How IAG NZ took control of its operations environment

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How IAG NZ took control of its operations environment
IAG NZ's Andrew Nicolson

Commissioning VMs slashed to under 15 minutes.

IAG New Zealand has spun up more than 700 server virtual machines since the company overhauled its virtualisation practices less than a year ago.

But that's not the best part, according to the insurer's operations solutions architect Andrew Nicolson. Two hundred and fifty of those have subsequently been decommissioned after they were no longer needed.

This would have been unthinkable in the past, when VMs were configured and managed manually. But deploying VMs has become an everyday occurrence in a new operating environment that has also slashed the time to set up new instances from between three and five days down to less than 15 minutes.

“We've been able to introduce full lifecycle management,” Nicolson told iTnews ahead of this week's Gartner’s IT Infrastructure, Operations & Data Centre Summit in Sydney.

The company's automation platform – which is built on VMware's vRealize Suite cloud management platform – has proven to be a boon for the nearly 500 people in IAG NZ's technology services team, spread across three locations.

The team had previously struggled with consistency between commissioned systems and processes across dev and test, pre-production and production environments.

“We had three different teams managing activities in those environments and each had different ways of doing things,” Nicolson said.

To commission new services, teams previously had to wait until each new VM was passed through different operational areas – which would variously assign IP addresses, add items to the change management database (CMDB), set up backup procedures, add entries to Active Directory, and so on.

“Even if you could line everyone up and no-one was working on anything else, it would probably be just over a day for the hands to do it all,” he said.

“You would get a different outcome each time even though each team was doing the same thing, and across teams you would get variations in delivering the same thing.

“The cost of troubleshooting that is enormous because you would have entire teams sitting around scratching their heads because something wasn't as it should be.”

Spread across the lifecycle of a new project, these inefficiencies dramatically slowed down the introduction of new services.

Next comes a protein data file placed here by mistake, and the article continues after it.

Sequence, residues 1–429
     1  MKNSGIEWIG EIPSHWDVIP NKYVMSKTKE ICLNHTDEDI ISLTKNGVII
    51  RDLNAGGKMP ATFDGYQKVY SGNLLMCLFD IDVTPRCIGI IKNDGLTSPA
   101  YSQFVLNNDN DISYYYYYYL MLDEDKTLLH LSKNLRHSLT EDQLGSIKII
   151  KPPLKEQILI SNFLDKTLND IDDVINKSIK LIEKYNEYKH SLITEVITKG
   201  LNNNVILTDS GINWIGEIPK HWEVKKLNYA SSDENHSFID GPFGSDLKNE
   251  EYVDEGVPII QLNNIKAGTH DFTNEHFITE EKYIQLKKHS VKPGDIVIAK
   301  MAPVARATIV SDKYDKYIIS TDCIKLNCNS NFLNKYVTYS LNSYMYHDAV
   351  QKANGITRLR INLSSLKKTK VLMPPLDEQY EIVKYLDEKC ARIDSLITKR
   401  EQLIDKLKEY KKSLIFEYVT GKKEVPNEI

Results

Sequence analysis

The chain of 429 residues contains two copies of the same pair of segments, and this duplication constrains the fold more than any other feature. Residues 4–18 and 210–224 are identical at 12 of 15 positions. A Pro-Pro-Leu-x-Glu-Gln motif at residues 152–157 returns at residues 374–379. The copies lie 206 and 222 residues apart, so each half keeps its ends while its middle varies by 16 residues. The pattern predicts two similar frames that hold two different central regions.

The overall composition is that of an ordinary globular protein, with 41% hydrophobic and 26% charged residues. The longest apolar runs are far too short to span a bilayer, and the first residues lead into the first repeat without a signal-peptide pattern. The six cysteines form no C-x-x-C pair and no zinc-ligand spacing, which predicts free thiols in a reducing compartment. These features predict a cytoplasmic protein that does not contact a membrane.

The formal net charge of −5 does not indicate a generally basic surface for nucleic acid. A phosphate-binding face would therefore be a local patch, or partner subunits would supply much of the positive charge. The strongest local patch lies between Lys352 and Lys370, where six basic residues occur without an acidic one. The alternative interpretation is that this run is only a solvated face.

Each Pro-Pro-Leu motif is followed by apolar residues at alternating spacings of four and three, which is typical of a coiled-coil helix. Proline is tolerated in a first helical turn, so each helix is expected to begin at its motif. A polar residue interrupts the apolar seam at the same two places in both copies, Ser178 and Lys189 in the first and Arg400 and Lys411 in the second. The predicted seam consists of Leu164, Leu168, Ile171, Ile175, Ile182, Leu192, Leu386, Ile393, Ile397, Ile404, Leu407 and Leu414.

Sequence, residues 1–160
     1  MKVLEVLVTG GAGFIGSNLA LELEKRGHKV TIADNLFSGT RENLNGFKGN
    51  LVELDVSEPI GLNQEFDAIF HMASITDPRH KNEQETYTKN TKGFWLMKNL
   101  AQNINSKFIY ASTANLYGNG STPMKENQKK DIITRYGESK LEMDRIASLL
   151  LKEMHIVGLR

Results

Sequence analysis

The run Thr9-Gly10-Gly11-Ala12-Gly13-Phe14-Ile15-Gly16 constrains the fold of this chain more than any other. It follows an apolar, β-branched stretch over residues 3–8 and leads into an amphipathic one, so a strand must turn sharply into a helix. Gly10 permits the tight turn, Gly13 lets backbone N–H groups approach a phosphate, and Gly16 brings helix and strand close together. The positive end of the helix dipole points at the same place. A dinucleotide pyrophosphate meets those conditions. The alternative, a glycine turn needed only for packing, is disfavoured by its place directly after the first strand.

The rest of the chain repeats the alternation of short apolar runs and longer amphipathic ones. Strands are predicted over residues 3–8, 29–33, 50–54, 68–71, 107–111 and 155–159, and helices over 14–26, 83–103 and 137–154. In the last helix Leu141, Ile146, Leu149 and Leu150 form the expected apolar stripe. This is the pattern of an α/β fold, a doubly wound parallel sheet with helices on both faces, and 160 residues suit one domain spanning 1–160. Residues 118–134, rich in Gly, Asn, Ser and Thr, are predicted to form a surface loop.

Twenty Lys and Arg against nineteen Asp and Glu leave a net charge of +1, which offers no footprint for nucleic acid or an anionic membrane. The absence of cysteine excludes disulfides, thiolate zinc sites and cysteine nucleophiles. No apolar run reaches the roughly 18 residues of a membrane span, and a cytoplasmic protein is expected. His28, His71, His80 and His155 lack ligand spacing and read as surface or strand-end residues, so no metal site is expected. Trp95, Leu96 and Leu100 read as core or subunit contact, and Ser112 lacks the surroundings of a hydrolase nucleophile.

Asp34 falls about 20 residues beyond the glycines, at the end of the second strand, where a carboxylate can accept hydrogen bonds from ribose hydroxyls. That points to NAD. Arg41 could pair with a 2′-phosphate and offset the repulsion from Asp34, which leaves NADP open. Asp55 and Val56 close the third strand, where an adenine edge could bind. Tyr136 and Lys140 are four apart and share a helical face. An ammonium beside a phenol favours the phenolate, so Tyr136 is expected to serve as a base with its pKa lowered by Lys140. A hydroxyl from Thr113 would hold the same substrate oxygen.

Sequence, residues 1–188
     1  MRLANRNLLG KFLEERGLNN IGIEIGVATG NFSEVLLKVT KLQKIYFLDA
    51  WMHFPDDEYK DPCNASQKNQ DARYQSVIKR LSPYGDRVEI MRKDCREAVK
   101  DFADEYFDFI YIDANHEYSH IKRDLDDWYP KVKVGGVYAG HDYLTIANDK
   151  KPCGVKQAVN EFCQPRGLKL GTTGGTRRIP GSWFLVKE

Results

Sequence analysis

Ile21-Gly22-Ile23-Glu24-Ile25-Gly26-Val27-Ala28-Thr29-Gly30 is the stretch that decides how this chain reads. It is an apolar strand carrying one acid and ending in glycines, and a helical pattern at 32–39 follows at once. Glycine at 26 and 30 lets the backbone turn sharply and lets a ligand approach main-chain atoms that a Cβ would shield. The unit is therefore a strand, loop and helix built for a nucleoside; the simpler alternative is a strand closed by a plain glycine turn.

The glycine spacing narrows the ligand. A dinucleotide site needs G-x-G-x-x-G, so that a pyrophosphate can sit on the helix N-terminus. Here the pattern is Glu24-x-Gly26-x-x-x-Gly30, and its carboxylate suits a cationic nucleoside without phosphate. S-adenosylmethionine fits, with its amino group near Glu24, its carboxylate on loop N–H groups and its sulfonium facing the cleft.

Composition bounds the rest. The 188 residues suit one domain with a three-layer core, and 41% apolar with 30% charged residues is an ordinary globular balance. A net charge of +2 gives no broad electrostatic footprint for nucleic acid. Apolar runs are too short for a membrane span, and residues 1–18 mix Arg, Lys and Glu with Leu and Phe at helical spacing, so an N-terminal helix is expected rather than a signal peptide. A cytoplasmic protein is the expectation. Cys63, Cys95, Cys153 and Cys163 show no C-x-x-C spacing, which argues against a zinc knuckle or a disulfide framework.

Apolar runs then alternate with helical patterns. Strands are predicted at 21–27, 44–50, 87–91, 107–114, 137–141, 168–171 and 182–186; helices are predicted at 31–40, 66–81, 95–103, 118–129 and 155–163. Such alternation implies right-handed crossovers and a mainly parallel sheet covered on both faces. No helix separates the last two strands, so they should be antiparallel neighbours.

“Getting through to production was measured in weeks to months to half a year, which in this day and age is just unacceptable,” he said.

The project that led to the introduction of the vRealize tools began 18 months ago, resulting in the new environment go live in August 2015.

The benefits were realised straight away. Use of Microsoft Desired State Configuration (DSC) and appropriate APIs ensured that previously manual processes could be automatically handled using online web services. The Atlassian tool suite also supported the server automation and deployment processes.

IAG NZ can now provision a base VM in less than 15 minutes, and decommission one within five minutes.

Deployment of resources is dramatically faster, and better resource utilisation has led to cost savings from greater efficiency in everyday operations.

“It's all about us trying to leverage our scale and get some reuse,” Nicolson said.

After gaining the ‘foundational capability’ of the new system quickly, the team can now bring on new functionality incrementally.

“Now the services come on top independently of each other, and we can continuously add to the service catalogue and our automation capabilities,” he said.

As the new environment continues to mature, Nicolson says, the operations teams are continuing to near their ‘Nirvana state’.

“The Nirvana state is that we are able to, at the press of a button, build an environment, deploy the latest release of software into it, run it and decommission that environment once we've finished using it – while everyone is home in bed," Nicolson said.

“We still have work to do for this, but we have a mountain of work on the horizon. Now we know what's coming up, and what we need to do to get there.”

This article is part of a series produced by iTnews for the Spotlight on data centres and IT infrastructure.

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